Re: TEM sample preparation for knee joints
|From:||Gayle Callis <firstname.lastname@example.org>|
For good TEM, really tiny pieces must be used, and EDTA is the
decalcification of choice. Our EM tech just decalcified in approx 10%
disodium EDTA at pH 7.2-7.4, in a suitable buffer for EM (Sorenson's) for
two weeks with several changes and gentle agitation, then extended
processing times due to tissue density with longer infiltrations of resins
before embedding. To remove EDTA, extra washing in the same buffer. If
you use any other decalcifying agent, an acid, ultrastructure will be
damaged for TEM. Dickson's book, Calcified Tissue Preparation has whole
chapters devoted to EM preparation of bone, unfortunately, it is out of
print, unless your university library has it available, or try and get it
on interlibrary loan (from Univeristy of Texas!). Citric acid has been also
used for bone EM work.
It may be advisable to remove articular cartilage from the bone surface,
mince it into tiny pieces in cold buffer fixative on dental wax (a proper
EM fixative) and avoid decalcification altogether, then process it. Your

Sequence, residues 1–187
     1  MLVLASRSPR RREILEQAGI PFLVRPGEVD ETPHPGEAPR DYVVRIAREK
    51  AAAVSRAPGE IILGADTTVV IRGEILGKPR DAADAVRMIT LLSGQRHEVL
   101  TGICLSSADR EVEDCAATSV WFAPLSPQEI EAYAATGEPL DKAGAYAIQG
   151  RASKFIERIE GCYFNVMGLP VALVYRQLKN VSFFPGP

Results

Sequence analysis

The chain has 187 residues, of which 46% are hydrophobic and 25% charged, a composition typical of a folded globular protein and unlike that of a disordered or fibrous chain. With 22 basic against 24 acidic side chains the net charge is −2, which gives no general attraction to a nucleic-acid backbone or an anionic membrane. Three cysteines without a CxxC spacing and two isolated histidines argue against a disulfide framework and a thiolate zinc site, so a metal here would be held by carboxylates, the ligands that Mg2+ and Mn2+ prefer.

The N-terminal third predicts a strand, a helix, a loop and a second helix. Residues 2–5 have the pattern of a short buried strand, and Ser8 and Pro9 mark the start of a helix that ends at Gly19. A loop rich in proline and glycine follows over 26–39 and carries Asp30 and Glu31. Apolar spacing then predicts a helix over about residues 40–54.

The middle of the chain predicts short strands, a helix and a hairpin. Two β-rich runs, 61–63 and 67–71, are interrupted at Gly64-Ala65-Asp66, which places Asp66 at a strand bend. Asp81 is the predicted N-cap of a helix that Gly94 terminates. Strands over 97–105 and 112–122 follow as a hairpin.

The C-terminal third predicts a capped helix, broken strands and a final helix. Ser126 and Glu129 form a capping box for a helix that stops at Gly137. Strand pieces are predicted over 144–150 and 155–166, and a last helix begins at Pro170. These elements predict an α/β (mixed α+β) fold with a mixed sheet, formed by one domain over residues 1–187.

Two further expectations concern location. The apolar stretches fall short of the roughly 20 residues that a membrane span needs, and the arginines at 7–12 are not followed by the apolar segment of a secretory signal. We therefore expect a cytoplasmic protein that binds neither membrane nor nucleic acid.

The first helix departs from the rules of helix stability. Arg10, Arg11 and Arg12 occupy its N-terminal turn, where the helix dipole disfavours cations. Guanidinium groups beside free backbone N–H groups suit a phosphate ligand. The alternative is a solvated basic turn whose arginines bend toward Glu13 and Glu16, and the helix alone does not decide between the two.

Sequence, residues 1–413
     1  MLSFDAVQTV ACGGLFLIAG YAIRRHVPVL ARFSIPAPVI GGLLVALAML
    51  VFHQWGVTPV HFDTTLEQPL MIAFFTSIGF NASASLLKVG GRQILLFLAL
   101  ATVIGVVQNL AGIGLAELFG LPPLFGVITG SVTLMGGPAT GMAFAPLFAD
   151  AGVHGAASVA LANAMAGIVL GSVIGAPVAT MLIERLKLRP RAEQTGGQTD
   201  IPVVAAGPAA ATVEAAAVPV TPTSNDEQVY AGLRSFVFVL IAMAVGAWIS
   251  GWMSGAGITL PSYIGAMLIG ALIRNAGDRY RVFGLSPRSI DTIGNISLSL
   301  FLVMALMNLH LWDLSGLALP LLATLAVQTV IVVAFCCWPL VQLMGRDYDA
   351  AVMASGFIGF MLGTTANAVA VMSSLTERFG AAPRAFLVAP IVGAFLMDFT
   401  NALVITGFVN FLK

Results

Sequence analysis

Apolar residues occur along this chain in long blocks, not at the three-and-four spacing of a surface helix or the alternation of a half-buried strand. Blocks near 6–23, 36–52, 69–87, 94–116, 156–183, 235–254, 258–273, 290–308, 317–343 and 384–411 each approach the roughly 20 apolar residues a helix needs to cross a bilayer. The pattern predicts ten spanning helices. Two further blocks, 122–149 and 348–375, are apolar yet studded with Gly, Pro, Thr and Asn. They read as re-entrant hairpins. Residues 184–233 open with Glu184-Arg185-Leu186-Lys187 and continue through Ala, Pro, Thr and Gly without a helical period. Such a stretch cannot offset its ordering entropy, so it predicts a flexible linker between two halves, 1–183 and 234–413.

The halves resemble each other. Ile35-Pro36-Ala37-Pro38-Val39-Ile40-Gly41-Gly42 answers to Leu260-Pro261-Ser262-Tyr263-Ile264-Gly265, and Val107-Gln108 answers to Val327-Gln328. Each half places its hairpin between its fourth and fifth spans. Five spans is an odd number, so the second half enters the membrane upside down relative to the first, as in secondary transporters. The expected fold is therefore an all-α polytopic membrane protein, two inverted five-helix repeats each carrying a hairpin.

diamond knife and/or glass knife will be much happier if you do this. Bone
unfortunately is not the rapid, quick handling of normal tissue.
At 01:43 PM 11/17/00 -0800, you wrote:
>I am a college student involved in some research work in which I prepare
>mice knee joints for TEM then look at the ultrastructure of the articular
>cartilage. Currently I use a 3 day standard procedure, but I have heard of
>a microwave prep that could cut the prep time down some keeping the
>structure fresher. Does anyone know any procedure for that? Also what
>would be the optimal way to decalcify the bone to make sectioning easier?
>I appreciate all suggestions! Thank you!
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Veterinary Molecular Biology
Montana State University
Bozeman MT 59717-3610
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